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Nathaniel Sibinga

College: Brooklyn College
Awards: Fulbright U.S. Student Program,

Fishing for Sustainability

Google "health benefits of salmon" and you'll find articles listing four, or seven or 10 reasons to eat it. Beneficial omega-3 fatty acids always top the list. In the wild, salmon get omega-3s by eating smaller fish and insects, which get them by eating microscopic, free-floating plants called phytoplankton.

But fewer salmon and other fish come from the wild. Habitat destruction, pollution, climate change and overfishing have diminished ocean fish populations. Since 2013, fish farms have served up more than half the seafood on the world's tables, but not without controversy. Farmed salmon raised on artificial diets have less of those cherished omega-3s, while fish farms are faulted as environmentally unsustainable.

Which brings 2015 Fulbright Fellowship winner Nathaniel Sibinga, to flies.

"Fishing in the wild can't produce enough to meet demand, so fish farming is here to stay, whether people like it or not," says Sibinga (Brooklyn College, M.A., Biology '15). "The question is: Can we find a way to farm fish in a more environmentally friendly way?" He hopes that novel food sources will bridge the gap between factory-style fish farms and "whatever the fish equivalent of a grass-fed cow is."

With his Fulbright, Sibinga will join AquaFly, a study led by the Norwegian National Institute of Nutrition and Seafood Research. As its name implies, AquaFly feeds salmon proteins and fats that are derived from insects that ate omega-3-rich plants. His laboratory research at the University of Bergen will examine how fish metabolize a beneficial plant protein.

After earning the equivalent of an associate degree at tuition-free Deep Springs College, a highly regarded nontraditional school in rural California where no more than 26 students also work on a ranch, Sibinga got his bachelor's in marine biology at Brown University.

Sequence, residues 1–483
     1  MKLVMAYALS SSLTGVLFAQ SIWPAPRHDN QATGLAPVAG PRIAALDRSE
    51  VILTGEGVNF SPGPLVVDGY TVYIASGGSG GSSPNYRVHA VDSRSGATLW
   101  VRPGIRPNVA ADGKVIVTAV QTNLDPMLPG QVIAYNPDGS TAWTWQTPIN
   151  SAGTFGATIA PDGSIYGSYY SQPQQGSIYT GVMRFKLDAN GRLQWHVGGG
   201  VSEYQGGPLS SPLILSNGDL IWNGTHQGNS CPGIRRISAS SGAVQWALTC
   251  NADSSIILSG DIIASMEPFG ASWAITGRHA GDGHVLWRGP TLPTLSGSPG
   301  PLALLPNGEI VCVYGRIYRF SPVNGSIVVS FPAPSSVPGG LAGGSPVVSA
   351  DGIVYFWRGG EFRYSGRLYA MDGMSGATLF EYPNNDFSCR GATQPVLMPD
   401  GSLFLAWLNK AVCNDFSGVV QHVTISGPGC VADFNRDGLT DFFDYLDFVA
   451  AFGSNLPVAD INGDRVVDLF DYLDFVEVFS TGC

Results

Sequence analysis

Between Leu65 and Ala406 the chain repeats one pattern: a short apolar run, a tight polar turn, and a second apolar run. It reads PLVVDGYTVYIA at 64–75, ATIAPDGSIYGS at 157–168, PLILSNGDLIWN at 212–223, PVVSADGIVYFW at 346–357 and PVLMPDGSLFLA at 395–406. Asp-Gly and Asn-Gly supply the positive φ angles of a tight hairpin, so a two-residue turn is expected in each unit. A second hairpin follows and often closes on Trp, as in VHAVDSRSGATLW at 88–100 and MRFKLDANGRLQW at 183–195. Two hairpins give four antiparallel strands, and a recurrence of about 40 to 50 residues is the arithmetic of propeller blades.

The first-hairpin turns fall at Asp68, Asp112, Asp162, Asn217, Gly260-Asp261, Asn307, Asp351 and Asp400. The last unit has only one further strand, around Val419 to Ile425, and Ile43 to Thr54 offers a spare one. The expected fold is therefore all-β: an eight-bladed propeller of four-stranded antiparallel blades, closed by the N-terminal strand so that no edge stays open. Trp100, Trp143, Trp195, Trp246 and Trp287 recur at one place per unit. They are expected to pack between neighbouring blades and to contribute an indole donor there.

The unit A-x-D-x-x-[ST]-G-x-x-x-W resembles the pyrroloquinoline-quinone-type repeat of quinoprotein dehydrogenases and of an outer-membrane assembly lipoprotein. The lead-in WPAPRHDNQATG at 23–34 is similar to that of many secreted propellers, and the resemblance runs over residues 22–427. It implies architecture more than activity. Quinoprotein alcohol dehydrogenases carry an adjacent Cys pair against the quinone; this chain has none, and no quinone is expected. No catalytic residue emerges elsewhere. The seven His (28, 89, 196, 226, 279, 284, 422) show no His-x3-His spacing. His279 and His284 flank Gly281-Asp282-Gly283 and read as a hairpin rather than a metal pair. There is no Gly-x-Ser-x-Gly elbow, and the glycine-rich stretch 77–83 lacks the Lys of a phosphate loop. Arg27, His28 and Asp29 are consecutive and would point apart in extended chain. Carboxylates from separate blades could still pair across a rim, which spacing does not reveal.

There, he delved into the fundamental difficulties surrounding management of ocean fish stocks. "It's not as though you can ethically prevent subsistence fishing communities in the Philippines or Mexico or even Japan from trying to find something to eat. You have to give them a viable alternative."

Sibinga's research led him to Brooklyn College Distinguished Professor Emeritus Martin P. Schreibman. He champions urban aquaculture (growing fish in small-scale city locales) and aquaponics (using fish waste to fertilize hydroponic vegetables, which grow in water, not soil). Could Schreibman's approach hold the key to reducing overfishing?

Schreibman, semi-retired, was reluctant to take on another student. But Sibinga emailed, phoned and then "started showing up at his office until I convinced him to let me work with him."

Over the past three years, they've grown tomatoes and cucumbers in concert with tanks full of fish, raised composting red worms as a potential fish food and investigated feeding protein-rich duckweed - a pond-killing scourge - to farmed tilapia.

For that project, Sibinga harvested buckets of duckweed from the Prospect Park Lake and carted it on the subway back to Brooklyn College. In his lab, he turned duckweed into pellets that the resident tilapia adored.

"I've been here a long time," Schreibman says, "and Nate is one of the best students who have come along. He's quite the star."